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Creating a Gold Copy of Adobe CQ – Part 5 of 5 – Optimization

November 11th, 2013 by Julio Tobar

There are some basic initial configurations we can set to get a better performance out of our CQ instances.  An average performance target value can be defined. Once this value is proven to be both achievable and maintainable, it can be used to monitor the performance of the website and indicate the development of potential problems.

  1. Optimize Tar Files: As data is never overwritten in a tar file, the disk usage increases even when only updating existing data. When optimizing, the TarPM copies data that is still used from old tar files into new tar files and deletes the old tar files that contain only old or redundant data. If there is only one file, optimization will have no effect. By default optimization is automatically run each night between 2 am and 5 am. and alternatively you can start optimizing the tar file manually.
  2. Merge Tar Index Files: If many entries are stored in the tar files, the number of index files may grow. The index files are automatically merged before and after the scheduled Tar PM optimization. To reduce the number of index files at other times, you can merge these index files manually through the JMX console.
  3. Consistency Checks: The Tar PM can check repository consistency and fix consistency problems at startup.
  4. Run Garbage Collector for Data Store: When a conventional WCM asset is removed, the reference to the underlying datastore record may be removed from the node hierarchy, but the datastore record itself remains.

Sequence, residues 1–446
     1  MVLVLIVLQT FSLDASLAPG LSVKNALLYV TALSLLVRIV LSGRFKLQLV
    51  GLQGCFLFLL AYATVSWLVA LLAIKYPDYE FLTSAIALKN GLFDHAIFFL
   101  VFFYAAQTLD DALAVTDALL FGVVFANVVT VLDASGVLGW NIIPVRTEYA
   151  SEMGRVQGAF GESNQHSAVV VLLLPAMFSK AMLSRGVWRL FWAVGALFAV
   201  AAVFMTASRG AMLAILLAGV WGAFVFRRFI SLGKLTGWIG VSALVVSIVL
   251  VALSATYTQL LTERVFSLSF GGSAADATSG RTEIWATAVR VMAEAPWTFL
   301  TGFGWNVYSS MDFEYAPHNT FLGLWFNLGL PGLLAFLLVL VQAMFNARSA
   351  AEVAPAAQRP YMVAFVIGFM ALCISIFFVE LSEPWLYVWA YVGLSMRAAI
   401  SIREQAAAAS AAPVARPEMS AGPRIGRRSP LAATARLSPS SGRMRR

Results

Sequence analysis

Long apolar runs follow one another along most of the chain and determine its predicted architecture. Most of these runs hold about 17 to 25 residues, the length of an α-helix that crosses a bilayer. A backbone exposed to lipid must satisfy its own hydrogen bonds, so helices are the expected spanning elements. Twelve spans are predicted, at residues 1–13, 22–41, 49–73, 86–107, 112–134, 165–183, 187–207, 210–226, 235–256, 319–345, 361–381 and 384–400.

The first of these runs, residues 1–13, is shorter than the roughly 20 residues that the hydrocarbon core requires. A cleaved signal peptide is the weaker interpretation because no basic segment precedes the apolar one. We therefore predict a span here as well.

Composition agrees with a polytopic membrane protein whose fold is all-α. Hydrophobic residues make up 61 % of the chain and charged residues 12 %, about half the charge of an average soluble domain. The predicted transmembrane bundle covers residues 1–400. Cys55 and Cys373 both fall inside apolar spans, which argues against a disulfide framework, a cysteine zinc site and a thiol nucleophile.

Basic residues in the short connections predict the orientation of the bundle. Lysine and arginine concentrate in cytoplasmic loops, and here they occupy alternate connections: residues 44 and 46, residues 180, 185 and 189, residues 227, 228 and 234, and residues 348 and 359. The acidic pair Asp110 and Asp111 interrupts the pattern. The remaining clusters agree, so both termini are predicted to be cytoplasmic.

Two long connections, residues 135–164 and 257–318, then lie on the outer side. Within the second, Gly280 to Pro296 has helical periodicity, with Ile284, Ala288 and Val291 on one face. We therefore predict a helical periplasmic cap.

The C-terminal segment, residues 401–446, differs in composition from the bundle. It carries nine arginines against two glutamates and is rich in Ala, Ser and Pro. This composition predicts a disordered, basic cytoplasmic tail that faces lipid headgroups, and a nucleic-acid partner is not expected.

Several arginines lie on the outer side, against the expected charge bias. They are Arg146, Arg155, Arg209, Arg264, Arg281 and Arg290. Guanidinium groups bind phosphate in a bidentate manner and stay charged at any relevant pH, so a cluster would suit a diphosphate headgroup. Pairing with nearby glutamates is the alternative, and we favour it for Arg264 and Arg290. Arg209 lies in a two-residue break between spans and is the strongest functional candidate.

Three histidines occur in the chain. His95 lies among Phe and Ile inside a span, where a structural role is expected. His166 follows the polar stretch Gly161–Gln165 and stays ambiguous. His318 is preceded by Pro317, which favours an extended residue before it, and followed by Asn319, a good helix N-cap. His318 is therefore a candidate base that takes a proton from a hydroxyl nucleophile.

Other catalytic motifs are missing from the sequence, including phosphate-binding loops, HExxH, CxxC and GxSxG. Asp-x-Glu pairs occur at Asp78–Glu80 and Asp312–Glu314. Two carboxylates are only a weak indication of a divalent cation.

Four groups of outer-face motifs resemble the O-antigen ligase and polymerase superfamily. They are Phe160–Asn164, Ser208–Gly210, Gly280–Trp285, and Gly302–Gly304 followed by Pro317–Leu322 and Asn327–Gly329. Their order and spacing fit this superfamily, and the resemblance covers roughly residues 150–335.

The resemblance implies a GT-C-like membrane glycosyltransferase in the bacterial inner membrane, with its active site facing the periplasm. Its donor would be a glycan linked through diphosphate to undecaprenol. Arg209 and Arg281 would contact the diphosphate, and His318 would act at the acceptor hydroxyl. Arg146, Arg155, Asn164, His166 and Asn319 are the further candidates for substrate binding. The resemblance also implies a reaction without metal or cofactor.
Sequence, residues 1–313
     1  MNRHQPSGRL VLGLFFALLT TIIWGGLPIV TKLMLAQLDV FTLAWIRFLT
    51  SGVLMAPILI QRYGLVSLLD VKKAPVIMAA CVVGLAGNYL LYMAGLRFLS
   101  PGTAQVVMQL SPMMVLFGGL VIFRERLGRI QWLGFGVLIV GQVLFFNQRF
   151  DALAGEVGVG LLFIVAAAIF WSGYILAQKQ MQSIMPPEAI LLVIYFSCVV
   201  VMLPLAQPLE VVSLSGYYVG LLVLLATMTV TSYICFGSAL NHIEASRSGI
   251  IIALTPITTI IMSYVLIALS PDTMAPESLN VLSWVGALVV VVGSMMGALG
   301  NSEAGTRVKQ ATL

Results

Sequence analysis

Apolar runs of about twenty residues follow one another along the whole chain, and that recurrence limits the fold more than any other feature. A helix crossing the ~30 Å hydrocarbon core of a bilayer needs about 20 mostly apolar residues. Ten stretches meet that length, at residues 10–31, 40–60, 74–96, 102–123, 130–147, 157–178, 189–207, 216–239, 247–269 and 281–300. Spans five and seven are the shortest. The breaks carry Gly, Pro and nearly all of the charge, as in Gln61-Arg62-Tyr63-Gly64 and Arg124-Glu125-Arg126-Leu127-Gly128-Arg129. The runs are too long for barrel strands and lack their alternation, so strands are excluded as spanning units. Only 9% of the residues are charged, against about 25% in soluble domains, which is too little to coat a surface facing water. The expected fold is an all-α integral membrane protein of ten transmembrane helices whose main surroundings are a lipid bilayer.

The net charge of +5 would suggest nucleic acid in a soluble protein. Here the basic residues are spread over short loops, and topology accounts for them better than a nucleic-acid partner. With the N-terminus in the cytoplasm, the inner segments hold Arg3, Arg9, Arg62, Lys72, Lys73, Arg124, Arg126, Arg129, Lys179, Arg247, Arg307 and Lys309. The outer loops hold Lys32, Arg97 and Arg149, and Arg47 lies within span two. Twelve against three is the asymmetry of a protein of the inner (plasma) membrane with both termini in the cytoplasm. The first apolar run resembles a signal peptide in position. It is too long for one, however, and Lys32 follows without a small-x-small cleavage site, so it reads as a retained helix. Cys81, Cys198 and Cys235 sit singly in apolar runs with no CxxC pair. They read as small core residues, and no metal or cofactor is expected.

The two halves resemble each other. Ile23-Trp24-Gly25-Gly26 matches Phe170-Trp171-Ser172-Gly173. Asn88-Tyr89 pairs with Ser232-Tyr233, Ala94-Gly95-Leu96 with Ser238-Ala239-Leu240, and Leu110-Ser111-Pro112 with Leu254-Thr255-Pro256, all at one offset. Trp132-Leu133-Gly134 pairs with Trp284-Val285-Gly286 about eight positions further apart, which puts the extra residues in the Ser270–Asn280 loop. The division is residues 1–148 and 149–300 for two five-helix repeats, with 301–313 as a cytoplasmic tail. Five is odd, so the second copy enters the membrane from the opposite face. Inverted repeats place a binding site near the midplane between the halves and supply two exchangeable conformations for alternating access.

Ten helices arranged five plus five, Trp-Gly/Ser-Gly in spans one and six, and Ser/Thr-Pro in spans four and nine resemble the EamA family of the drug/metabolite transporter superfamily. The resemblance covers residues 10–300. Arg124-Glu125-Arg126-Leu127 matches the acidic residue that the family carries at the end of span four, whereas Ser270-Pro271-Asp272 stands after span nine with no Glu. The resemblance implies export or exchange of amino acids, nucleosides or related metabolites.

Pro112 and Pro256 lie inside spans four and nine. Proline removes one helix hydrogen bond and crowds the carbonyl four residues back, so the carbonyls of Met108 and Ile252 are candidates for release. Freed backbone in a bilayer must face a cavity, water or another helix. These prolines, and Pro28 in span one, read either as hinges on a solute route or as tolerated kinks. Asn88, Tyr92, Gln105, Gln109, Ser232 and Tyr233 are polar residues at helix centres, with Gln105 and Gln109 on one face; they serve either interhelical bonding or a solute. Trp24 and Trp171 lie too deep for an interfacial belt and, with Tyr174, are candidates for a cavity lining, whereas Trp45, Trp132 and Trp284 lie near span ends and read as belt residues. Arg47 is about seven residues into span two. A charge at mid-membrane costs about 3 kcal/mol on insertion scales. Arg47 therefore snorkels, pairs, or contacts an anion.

5. Check DataStore Consistency: CRX can check the consistency of the datastore to confirm that objects expected to be available in the datastore are actually there. Any datastore inconsistencies found will be logged.
  6. CRX search index’s resultFetchSize param: The SearchIndex element specifies the configuration of the search engine. By default the search index is managed by the text search engine Apache Lucene.
  7. TarJournal File Maximum size: Maximum size of a single journal file before it will get rotated. Default: 104857600 bytes (100 MB).
  8. Set logging level: By default logging level is set to INFORMATION. For performance purposes it can be switch to ERROR and set back to INFORMATION or DEBUG as required (logging levels: trace -> debug -> info -> warn -> error).
  9. Apache Sling JSP Script Handler: To improve performance you should disable as much as possible. In particular for production instances: disable Generate Debug Info, disable Keep Generated Java, disable Mapped Content, disable Display Source Fragments.
  10. Apache Sling Java Script Handler: Configure settings for the compilation of .java files as scripts (servlets). for production instances: Source VM and Target VM, define the JDK version as that used as the runtime JVM, disable Generate Debug Info.

This is the last part of our series of blogs discussion “Gold-Copy”. Remember to keep track to all configurations so you know what has been set, when it was set and who is accountable for it.

Every new developer should be given a copy of “Gold-Copy” and a set of instructions on how to install other tools such as JDK, Eclipse, Maven and Vault. Whenever you set new configurations you should share across all team members via CRX Packages. Should you restore a running production instance you can deploy your gold-copy and install CRX Packages for code and content.

“Maybe you can’t prevent Tragedy from happening but you can be prepare to recover soon enough suffering the less damage possible”.
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One Response to “Creating a Gold Copy of Adobe CQ – Part 5 of 5 – Optimization”

  1. Nate Balcom says:

    I’m a relative CQ newbie. I went through Adobe training and have been working with the program for the last couple months. I’ve been using it long enough to have had my own fair share of tragedies. Thanks for the post. Good tips.

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